Area children will have the opportunity to showcase their agricultural projects.
Despite the coronavirus pandemic threatening to close the doors, the Guadalupe County Youth Livestock and Homemakers board of directors announced the show will go on, albeit with necessary changes, chairman and president of the board Dustin Morgenroth said in a release on Thursday.
“We are proud to update everyone that as of today, the 2021 show is still moving forward and on schedule as posted,” he wrote. “We are facing exceedingly difficult and challenging times as a country, state and community regarding public health and safety.”
Event activities this year are still slated for Jan. 19 to 23, however, they will take place at the Marion Country Church and La Vernia Chamber of Commerce properties.
Measures the city of Seguin took beginning Dec. 16, canceling events and taking no more reservations at its properties including the events complex where the youth show is held annually, precipitated the venue change.
“Our board members have been working hard to make arrangements at alternate locations in order for us to give our youth the opportunity to show their projects at this year’s GCYS,” Morgenroth said. “For us to do so, we will need to implement measures to make sure we maintain a safe environment for our youth and their families as well as our many volunteers that so graciously donate their time to run our very successful event.”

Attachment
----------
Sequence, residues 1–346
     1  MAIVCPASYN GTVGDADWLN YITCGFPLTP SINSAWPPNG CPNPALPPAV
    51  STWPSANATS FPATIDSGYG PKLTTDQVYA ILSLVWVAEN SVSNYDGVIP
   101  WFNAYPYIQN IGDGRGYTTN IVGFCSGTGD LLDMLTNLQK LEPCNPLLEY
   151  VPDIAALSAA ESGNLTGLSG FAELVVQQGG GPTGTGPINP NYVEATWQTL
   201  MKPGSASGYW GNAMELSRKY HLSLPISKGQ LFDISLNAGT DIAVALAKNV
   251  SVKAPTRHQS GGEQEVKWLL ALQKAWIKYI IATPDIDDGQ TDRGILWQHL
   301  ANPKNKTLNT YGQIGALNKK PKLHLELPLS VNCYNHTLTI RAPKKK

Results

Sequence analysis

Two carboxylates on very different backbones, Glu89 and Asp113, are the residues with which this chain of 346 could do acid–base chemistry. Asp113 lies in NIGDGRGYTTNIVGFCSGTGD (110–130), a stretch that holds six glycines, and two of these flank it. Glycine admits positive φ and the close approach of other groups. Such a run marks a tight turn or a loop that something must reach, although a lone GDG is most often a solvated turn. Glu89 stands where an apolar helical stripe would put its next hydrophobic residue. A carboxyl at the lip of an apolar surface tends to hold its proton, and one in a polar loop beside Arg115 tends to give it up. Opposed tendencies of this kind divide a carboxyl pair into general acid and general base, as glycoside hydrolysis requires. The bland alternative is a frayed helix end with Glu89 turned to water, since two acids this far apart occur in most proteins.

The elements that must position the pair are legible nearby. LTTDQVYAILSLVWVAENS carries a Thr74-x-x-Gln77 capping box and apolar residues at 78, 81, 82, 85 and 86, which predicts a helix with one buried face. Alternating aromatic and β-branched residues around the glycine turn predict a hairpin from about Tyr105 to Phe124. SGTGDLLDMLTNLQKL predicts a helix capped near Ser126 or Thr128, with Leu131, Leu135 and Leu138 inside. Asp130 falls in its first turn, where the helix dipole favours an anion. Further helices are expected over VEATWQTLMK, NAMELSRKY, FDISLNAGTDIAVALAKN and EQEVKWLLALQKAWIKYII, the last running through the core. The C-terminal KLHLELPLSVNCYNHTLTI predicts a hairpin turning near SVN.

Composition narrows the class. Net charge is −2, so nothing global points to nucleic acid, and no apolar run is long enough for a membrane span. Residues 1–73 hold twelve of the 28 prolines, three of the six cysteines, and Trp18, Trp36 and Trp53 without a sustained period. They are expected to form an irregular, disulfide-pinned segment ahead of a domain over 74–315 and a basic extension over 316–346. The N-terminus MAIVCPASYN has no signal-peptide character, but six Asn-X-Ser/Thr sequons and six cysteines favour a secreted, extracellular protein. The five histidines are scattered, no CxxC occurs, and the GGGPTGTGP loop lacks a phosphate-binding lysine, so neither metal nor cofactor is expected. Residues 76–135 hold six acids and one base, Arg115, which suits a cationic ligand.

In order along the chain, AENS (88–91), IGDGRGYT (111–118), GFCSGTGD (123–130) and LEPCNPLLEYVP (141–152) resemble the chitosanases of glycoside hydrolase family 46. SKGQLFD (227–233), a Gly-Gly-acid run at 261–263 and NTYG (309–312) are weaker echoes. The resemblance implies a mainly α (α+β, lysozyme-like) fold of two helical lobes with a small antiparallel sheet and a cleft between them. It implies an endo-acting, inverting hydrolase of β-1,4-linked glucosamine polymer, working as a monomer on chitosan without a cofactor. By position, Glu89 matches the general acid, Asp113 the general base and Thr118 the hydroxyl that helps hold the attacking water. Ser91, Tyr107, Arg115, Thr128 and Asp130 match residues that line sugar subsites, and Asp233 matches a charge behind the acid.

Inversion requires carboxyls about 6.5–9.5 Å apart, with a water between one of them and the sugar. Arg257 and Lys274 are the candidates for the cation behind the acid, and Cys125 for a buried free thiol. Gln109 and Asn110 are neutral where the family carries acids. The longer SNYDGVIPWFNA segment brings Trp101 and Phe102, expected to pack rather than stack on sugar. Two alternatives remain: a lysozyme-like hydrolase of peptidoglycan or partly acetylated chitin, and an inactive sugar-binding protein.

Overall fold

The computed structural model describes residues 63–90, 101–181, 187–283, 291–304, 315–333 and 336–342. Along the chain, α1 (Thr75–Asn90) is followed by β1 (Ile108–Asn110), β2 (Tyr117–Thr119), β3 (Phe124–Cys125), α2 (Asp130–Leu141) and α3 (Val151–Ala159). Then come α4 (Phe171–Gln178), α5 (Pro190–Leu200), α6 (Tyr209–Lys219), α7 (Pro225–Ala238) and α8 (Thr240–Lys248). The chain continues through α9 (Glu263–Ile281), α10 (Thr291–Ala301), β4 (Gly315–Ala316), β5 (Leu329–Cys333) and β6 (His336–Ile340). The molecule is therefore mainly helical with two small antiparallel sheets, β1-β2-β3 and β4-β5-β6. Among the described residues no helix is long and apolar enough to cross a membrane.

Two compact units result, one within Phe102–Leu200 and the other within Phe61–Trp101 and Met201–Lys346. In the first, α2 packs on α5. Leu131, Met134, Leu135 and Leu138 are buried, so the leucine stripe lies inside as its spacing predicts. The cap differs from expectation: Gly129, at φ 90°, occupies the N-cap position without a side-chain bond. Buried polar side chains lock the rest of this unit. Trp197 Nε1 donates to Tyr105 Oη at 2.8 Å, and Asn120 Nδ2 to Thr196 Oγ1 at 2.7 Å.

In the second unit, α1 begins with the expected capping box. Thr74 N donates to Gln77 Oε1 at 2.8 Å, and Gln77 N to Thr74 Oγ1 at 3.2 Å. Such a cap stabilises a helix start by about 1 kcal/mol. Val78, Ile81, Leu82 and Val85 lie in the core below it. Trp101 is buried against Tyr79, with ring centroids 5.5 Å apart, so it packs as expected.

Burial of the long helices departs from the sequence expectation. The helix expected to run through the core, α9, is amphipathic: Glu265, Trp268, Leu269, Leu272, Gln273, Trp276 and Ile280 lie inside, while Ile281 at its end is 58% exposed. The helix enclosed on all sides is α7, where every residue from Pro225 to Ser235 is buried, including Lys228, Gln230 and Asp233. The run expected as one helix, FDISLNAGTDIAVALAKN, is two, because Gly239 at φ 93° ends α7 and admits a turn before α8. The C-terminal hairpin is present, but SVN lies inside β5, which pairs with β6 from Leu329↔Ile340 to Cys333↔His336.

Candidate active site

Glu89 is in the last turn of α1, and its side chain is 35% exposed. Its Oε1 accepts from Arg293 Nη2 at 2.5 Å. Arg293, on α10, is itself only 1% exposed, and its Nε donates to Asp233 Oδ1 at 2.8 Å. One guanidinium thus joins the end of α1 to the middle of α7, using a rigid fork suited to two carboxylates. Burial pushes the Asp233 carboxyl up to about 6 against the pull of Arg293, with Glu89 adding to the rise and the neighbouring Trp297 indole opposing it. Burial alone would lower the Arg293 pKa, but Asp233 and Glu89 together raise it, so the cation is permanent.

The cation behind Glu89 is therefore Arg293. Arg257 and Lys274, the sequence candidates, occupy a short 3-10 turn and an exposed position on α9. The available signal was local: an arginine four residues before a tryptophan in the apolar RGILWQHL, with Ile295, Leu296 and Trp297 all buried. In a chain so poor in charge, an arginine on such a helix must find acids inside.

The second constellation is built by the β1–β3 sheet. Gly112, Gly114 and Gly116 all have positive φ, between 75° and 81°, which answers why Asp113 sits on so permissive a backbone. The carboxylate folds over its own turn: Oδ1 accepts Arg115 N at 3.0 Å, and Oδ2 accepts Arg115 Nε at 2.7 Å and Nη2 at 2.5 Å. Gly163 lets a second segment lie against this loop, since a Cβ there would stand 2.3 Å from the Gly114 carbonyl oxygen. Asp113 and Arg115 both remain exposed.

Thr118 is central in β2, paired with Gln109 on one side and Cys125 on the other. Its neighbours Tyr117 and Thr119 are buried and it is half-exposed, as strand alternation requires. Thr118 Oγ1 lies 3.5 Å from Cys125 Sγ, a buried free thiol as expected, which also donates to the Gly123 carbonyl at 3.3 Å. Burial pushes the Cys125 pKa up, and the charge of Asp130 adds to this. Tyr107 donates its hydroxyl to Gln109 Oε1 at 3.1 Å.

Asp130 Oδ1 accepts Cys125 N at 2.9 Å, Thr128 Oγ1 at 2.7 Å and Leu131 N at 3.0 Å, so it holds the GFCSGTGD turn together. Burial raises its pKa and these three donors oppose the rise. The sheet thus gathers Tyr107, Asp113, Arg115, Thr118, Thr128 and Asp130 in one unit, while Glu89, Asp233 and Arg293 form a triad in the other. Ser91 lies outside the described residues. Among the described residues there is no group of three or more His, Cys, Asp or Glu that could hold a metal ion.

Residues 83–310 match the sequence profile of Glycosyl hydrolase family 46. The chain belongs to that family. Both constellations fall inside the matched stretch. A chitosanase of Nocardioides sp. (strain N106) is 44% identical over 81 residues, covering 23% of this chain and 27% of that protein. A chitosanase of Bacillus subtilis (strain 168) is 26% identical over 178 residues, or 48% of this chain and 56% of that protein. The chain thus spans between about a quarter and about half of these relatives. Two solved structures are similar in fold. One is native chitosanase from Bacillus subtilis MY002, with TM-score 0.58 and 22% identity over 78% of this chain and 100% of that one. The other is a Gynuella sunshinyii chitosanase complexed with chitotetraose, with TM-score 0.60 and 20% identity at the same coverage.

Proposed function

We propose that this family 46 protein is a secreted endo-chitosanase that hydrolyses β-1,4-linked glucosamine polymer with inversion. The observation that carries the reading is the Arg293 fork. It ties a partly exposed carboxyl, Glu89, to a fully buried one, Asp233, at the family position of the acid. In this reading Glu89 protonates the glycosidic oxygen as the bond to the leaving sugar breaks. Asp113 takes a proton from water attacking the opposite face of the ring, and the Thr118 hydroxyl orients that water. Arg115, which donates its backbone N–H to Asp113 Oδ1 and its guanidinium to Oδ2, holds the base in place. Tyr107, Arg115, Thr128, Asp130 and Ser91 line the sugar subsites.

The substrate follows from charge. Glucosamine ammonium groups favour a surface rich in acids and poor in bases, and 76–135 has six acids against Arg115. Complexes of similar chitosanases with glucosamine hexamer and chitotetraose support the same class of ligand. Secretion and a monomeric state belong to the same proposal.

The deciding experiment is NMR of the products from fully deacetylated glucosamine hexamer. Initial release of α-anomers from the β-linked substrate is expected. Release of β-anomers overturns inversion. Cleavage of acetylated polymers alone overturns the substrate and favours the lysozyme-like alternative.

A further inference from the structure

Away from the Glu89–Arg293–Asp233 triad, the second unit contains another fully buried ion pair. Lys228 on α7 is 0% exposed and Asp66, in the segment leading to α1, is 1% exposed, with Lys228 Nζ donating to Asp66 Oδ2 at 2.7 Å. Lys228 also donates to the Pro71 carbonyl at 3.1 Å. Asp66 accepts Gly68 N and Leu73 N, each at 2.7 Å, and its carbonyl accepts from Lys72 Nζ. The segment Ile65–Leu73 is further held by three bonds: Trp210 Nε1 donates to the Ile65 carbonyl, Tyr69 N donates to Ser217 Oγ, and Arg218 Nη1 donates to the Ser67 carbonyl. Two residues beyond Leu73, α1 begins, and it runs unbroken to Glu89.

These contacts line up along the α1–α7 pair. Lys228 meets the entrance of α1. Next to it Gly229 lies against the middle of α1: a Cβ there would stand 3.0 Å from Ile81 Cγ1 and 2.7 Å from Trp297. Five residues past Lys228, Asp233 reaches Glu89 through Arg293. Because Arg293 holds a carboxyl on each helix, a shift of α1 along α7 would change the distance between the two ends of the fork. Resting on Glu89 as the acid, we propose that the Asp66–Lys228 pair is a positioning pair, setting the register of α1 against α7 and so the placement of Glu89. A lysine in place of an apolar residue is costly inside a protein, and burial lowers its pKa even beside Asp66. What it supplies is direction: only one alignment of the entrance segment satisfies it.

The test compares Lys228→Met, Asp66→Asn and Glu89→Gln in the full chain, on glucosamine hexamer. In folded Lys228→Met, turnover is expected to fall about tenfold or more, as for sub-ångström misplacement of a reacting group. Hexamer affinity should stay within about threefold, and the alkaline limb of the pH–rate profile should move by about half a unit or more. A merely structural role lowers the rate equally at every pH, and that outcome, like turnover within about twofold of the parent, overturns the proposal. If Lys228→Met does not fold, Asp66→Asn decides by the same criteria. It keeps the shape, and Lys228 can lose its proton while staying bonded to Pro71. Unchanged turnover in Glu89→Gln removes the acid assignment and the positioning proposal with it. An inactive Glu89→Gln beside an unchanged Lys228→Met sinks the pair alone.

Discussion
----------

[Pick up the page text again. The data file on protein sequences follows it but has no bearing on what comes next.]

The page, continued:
Safety steps include mandating anyone with COVID-19 symptoms stay away from show grounds. Organizers plan to disallow anyone under quarantine or self-isolation for COVID-19 from participating on show grounds.
“If a student is in quarantine or in self-isolation, we will allow substitutes to show their projects,” he said.
Face masks are required at all times on show grounds, even when showing, Morgenroth wrote.
Other prohibitions include allowing only exhibitors on show grounds when their projects are being staged or shown and their swift departure once their projects leave the grounds.
The measures are attempts at controlling crowd sizes, Morgenroth said.
“We ask that only parents of the youth or essential individuals that need to be present to help with their projects attend this year’s show to again limit our crowd size,” he said.
Board members have worked feverishly to pull off the event this year, Guadalupe County Youth Show co-Secretary Debra Reiley said. The board learned on Dec. 10 the city was making changes and that they would have to scramble to even make this year’s show happen, she said.
“It has been a flurry of trying to get things situated,” Reiley said. “Luckily, it has all come together.”
She has banners, plaques and ribbons all set for the winners.
The annual auction location hadn’t been nailed down but that, too, was in the works. While crowd sizes are limited, people are still encouraged to participate in the auction or help out in different ways with the Youth Show, Reiley said.
“Our buyers are welcome,” she said. “Anybody can buy. They just have to register.”
To register, get more information or receive details about donating to the Guadalupe County Youth Livestock and Homemakers Show, email Reiley at email@example.com .